Sinn Fein accused of surrendering to Tories over welfare reform
Sinn Fein has been accused of "doing austerity" for the Conservatives and of handing back hard-won welfare reform powers to Westminster.
The SDLP attack came as the Assembly took the first step yesterday in paving the way for London to implement the massive benefits changes - cushioned by the Executive's £585m top-up fund over the next four years.
Three of the five Executive parties failed to delay a special debate giving the green light for the Government to pass the necessary legislation.
In a six-hour session the day after the launch of the SF/DUP 'Fresh Start' document, new SDLP deputy leader Fearghal McKinney said: "We are being asked to diminish aspects of devolution that the SDLP fought hard to achieve. We reject that.
"We are being asked to hand over powers to the Tories - or Thatchers' children, as Martin McGuinness has called them. Sinn Fein are doing Tory austerity by allowing the British Government to implement reform."
Former SDLP minister Alex Attwood added: "How dare anybody reduce this chamber to a postbox after the years of democratic struggle and the pain and grief suffered by our people. How dare they take away from the rest of us the democratic mandate."
But Sinn Fein's Conor Murphy replied: "Everything changed with the election in May of a single-party Conservative government, which was even more hell-bent on pursuing austerity.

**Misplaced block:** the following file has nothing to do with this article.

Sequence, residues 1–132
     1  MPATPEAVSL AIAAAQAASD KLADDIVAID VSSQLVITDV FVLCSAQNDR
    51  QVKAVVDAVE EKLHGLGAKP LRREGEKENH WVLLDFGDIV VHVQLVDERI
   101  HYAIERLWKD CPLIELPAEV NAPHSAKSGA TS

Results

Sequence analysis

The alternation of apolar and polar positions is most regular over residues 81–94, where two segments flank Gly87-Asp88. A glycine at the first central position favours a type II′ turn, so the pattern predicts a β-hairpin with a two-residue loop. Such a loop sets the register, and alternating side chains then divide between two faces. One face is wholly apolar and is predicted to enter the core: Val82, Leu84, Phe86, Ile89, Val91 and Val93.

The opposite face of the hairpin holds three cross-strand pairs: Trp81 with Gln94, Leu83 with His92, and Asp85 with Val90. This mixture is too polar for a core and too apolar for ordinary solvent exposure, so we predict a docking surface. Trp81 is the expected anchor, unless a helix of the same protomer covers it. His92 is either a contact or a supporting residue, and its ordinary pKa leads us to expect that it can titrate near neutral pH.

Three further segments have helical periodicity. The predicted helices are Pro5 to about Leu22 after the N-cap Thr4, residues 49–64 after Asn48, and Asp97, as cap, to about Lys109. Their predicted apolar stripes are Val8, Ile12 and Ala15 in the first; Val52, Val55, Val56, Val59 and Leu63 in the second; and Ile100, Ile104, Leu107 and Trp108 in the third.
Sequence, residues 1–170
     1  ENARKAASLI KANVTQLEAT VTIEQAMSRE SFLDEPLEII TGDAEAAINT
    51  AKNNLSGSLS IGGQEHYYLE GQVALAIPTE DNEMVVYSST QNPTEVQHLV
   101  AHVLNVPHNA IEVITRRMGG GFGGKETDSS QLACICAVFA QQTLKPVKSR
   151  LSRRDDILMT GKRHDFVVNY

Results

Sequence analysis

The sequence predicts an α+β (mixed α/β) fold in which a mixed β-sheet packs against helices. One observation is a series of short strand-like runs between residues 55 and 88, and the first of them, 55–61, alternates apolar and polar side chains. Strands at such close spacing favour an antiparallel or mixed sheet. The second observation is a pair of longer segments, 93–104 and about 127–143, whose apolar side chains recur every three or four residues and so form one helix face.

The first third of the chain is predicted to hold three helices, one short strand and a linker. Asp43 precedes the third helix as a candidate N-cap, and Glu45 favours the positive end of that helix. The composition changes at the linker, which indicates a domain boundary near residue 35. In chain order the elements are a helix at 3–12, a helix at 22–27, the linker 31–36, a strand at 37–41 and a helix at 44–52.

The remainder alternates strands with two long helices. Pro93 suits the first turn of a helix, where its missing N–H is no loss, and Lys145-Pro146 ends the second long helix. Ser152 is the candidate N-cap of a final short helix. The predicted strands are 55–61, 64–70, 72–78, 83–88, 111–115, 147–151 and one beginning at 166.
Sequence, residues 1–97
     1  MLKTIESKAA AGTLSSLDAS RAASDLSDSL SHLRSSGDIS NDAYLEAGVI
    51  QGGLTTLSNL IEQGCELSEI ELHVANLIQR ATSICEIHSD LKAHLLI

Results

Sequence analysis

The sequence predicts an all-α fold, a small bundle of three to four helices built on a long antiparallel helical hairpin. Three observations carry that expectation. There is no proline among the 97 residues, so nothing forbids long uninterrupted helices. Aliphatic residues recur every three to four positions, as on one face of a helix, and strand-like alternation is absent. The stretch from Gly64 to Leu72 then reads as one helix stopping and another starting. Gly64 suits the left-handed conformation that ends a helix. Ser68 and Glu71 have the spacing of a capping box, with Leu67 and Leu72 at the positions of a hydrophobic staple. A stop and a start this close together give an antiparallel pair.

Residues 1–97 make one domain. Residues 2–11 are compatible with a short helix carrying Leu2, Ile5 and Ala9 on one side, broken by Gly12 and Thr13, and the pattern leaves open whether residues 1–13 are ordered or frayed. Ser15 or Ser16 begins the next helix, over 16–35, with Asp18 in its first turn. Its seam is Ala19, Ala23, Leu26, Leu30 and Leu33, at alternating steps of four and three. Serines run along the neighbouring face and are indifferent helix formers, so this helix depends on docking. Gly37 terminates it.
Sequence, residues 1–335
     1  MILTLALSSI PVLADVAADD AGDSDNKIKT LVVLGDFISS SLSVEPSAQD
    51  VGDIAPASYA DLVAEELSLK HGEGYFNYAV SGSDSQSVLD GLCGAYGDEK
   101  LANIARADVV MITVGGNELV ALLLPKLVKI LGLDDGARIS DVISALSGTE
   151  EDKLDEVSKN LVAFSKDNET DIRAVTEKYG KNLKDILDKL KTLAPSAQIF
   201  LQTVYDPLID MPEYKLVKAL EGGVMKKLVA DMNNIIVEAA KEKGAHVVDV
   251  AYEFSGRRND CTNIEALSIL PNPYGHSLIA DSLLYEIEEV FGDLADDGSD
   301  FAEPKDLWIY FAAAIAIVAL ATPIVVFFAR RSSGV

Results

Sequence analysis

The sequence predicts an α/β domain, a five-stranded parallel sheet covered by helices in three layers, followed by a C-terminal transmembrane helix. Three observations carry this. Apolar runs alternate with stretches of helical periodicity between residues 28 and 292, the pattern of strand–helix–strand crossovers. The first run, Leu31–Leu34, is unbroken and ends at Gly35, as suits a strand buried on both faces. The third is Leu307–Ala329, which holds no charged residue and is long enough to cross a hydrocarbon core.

"We felt we had a responsibility to deal with the welfare issue, to use the resources available to create a safety net for deserving and vulnerable people in society. We all accepted that the tax credit issue changed that."
His colleague Alex Maskey challenged the other parties to produce alternatives, arguing it was important to "scotch the idea" that every welfare recipient can be protected from cuts.
What changed, he said, was that the people of Britain elected a Tory government.
Earlier, the three smaller parties fell behind a proposal from the TUV's Jim Allister, who said MLAs had not been given sight of the legislative Bill they were being urged to approve.
"It might be available to some clique, but it is not available to members of this house," Mr Allister said. "Why the rush? This house does itself no favours in its standing if it nods through something that it hasn't seen." Ulster Unionists, the SDLP and Alliance supported Mr Allister's suggestion to shift the debate to next Tuesday, but it was defeated by 58 votes to 33.
Social Development Minister Mervyn Storey insisted the bill had been published and that it was necessary to push ahead with the legislative consent motion so the issue could be dealt with before the current Assembly term ends in March.
Sinn Fein's Caitriona Ruane called Mr Allister's proposal a "gimmick" and argued it was time to get on with the debate on this "historic agreement".